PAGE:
The short answer is that mining engineering is a career choice of more women than ever before these days. Although men still outnumber women in the engineering professions across the board in Australia, the mining sector has done more and more to make itself more attractive to skilled female engineers. Of course, that does not mean that more does not need to be achieved. That said, plenty of engineering graduates — both men and women — are entering the mining industry with their first postgraduate employment opportunity. How has mining engineering been shaking off its somewhat macho image in recent years?
Improved Working Conditions
Although the mining industry is very established in Australia, it has historically never been at the forefront of comfort when it comes to working conditions. Site offices at open cast mines have often been dirty places, sometimes inappropriately doubling up as changing rooms. This is not the case at the vast majority of sites these days, however. This is largely due to the expensive electrical equipment you will find at increasingly automated mines, of course. Greater focus on cleanliness and the working environment hasn't simply been done to attract and retain more women, of course. It has had that effect on both men and women. While in the past mining engineering might have lost out with female recruits to, say, aerospace engineering, this is increasingly less common.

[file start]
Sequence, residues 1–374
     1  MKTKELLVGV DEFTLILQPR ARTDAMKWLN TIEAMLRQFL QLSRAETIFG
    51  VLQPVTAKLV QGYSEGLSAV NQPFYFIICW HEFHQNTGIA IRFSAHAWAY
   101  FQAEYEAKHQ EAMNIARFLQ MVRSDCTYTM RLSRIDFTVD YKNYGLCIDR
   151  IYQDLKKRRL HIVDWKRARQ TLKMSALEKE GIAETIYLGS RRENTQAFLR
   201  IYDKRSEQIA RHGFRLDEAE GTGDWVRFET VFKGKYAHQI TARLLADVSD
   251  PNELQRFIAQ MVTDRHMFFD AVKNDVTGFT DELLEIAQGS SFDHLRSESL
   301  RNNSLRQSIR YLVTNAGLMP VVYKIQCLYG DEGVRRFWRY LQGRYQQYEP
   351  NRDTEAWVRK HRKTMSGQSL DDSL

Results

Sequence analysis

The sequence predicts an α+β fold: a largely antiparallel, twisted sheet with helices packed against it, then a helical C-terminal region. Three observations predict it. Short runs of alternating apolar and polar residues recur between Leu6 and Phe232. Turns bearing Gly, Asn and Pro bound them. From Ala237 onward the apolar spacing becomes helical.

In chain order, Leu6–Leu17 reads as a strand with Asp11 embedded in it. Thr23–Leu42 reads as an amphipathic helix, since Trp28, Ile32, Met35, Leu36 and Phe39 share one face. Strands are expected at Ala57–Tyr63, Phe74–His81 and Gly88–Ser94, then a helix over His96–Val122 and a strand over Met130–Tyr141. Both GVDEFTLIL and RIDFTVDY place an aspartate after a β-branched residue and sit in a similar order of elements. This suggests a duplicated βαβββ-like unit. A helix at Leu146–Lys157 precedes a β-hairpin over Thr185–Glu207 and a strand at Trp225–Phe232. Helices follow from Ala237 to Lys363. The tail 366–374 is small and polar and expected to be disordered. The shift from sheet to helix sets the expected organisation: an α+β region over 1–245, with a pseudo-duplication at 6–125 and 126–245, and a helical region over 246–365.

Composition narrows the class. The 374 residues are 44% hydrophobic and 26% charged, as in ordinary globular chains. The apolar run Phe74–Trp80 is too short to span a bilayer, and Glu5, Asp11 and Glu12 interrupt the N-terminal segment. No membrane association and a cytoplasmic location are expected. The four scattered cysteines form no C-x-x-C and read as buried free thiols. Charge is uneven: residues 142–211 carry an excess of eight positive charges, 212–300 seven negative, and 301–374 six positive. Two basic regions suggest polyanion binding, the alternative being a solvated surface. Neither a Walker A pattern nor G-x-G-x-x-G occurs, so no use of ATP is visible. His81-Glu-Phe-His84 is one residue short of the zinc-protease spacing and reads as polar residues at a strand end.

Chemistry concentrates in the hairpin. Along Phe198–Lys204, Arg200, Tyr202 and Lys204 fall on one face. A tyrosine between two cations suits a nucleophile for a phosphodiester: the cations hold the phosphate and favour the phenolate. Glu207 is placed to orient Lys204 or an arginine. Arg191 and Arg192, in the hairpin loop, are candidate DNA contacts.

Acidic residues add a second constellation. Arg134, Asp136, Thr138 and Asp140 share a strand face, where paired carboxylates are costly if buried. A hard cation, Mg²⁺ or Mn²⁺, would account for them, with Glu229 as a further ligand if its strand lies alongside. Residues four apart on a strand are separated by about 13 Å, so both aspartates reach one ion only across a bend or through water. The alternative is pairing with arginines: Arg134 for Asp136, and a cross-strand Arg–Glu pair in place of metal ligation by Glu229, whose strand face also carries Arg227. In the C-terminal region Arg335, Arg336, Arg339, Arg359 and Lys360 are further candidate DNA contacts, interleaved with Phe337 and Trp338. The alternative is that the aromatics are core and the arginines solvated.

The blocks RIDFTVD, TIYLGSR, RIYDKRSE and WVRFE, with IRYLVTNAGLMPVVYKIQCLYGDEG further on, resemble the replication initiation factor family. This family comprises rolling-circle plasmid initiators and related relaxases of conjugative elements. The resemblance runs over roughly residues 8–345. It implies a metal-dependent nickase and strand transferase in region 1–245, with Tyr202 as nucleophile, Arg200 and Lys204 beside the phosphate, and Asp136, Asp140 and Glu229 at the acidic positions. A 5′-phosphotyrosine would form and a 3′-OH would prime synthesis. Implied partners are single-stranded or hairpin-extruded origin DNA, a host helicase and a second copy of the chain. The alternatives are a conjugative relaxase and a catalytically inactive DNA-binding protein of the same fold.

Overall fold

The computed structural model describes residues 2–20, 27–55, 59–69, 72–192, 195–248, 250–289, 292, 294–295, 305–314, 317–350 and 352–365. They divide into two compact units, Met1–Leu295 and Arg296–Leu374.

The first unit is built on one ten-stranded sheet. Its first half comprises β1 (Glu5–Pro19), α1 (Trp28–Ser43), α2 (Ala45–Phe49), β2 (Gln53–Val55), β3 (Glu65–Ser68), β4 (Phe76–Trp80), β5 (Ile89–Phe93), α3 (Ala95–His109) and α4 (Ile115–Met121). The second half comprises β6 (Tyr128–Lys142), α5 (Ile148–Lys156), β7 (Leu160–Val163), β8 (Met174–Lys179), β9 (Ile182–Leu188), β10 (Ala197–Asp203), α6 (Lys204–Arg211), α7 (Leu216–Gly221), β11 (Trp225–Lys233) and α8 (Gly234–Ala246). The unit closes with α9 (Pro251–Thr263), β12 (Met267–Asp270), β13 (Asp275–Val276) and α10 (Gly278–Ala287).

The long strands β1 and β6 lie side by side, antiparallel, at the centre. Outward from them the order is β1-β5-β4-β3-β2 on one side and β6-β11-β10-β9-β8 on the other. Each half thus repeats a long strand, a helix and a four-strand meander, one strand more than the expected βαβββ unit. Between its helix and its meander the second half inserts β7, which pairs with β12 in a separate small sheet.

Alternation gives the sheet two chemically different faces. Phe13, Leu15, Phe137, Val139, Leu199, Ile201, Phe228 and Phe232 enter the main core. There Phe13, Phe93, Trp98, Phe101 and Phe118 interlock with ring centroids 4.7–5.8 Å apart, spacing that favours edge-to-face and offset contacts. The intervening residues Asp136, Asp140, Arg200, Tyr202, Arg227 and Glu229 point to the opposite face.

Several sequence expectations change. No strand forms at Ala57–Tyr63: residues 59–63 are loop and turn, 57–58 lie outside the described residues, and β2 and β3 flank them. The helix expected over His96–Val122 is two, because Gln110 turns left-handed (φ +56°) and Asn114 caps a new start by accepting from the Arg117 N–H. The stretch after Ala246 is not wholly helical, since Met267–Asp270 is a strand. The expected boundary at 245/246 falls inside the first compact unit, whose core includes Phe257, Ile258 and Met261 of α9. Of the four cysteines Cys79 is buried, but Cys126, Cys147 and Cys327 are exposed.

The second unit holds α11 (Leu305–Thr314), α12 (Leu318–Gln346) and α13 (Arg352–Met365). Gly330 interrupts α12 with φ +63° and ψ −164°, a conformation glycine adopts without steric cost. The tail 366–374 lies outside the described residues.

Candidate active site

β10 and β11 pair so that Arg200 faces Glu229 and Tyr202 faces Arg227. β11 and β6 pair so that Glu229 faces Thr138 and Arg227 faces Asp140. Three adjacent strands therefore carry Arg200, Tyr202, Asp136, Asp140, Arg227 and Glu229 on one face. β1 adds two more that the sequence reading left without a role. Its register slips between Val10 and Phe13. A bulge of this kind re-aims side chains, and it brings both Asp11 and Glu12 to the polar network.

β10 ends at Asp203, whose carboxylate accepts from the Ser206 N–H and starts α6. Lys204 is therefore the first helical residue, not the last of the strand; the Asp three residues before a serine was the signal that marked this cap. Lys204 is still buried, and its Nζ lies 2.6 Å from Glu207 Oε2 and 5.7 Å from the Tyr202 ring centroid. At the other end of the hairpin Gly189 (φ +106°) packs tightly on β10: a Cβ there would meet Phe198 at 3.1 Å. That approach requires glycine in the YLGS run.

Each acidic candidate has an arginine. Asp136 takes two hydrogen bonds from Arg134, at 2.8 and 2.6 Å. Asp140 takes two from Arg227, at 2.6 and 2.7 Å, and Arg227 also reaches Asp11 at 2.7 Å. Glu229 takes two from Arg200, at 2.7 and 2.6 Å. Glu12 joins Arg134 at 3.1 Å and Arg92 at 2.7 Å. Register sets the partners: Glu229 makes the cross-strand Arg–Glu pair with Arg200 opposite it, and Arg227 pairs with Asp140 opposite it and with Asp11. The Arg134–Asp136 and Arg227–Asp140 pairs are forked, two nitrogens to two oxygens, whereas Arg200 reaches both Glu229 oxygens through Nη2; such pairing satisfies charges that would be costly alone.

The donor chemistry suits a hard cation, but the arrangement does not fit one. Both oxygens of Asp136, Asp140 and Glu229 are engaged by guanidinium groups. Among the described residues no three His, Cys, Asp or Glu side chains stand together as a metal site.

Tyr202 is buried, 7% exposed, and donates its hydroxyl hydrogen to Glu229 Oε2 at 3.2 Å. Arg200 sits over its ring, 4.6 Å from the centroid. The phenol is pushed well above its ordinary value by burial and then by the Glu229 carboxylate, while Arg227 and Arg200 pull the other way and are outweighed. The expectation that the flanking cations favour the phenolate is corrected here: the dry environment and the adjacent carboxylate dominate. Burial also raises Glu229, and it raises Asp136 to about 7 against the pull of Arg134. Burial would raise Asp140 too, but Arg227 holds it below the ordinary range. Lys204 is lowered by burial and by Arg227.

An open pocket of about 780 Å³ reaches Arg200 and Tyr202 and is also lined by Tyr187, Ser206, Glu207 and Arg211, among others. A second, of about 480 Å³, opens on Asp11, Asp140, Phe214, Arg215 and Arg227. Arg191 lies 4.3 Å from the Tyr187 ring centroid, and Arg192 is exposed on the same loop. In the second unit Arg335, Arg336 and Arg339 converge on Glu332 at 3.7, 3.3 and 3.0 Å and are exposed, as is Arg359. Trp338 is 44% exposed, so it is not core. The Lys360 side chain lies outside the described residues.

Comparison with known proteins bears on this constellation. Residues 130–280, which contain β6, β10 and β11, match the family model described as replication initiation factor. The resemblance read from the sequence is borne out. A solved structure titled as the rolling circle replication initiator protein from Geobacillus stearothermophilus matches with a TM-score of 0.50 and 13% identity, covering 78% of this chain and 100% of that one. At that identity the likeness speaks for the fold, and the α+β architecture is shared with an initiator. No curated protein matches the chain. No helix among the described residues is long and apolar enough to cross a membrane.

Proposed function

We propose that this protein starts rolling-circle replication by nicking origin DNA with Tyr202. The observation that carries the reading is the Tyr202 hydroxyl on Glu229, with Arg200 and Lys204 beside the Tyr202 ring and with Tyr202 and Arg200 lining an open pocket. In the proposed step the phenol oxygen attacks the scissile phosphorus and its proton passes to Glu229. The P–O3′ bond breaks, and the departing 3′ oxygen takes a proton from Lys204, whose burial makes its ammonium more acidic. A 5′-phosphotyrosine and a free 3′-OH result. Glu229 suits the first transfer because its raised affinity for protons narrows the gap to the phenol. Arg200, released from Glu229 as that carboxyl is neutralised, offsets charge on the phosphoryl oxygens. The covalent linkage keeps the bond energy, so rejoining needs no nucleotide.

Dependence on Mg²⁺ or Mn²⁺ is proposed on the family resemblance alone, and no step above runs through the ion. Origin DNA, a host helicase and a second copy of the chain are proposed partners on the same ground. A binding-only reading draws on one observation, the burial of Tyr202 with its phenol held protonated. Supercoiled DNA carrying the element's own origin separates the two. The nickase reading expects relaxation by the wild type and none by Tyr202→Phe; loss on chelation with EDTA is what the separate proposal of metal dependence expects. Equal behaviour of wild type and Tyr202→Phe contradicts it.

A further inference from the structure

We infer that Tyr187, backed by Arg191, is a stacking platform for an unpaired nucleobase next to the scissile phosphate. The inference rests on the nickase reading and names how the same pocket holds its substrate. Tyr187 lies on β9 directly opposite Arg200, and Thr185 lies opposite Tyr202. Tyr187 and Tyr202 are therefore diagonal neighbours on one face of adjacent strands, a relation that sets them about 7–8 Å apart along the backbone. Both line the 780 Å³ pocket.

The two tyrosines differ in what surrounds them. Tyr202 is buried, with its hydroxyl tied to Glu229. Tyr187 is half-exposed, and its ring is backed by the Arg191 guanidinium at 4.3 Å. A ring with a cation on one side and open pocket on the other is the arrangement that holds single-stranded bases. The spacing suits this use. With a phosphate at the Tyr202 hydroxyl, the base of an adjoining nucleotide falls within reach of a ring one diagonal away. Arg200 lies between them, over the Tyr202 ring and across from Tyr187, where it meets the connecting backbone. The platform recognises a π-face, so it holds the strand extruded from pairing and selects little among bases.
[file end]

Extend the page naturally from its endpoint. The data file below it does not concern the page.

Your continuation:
Better Work-Life Balance
All employees require a degree of flexibility from their employer, and it is often something that professional women cite as being particularly important to them. It doesn't all come down to things like child care arrangements. Nonetheless, greater flexibility of working practices among Australian mining companies has definitely helped with family life, especially in the more remote parts of the country where extensive travel arrangements are needed to get back and forth between home and the place of work.
An In-Demand Skill Set
One of the most important things to say about mining engineering is that there is a high level of demand for the right people with adequate qualifications. Any industry — mining included — that does not make itself more attractive to women will end up only being able to source a fraction of the engineers it needs to thrive. That's why so many engineering associations and professional groups have sprung up which not only help female engineers make the decision to enter the industry but also support and mentor them in their career as it progresses.
Contact a mining engineering firm to learn more.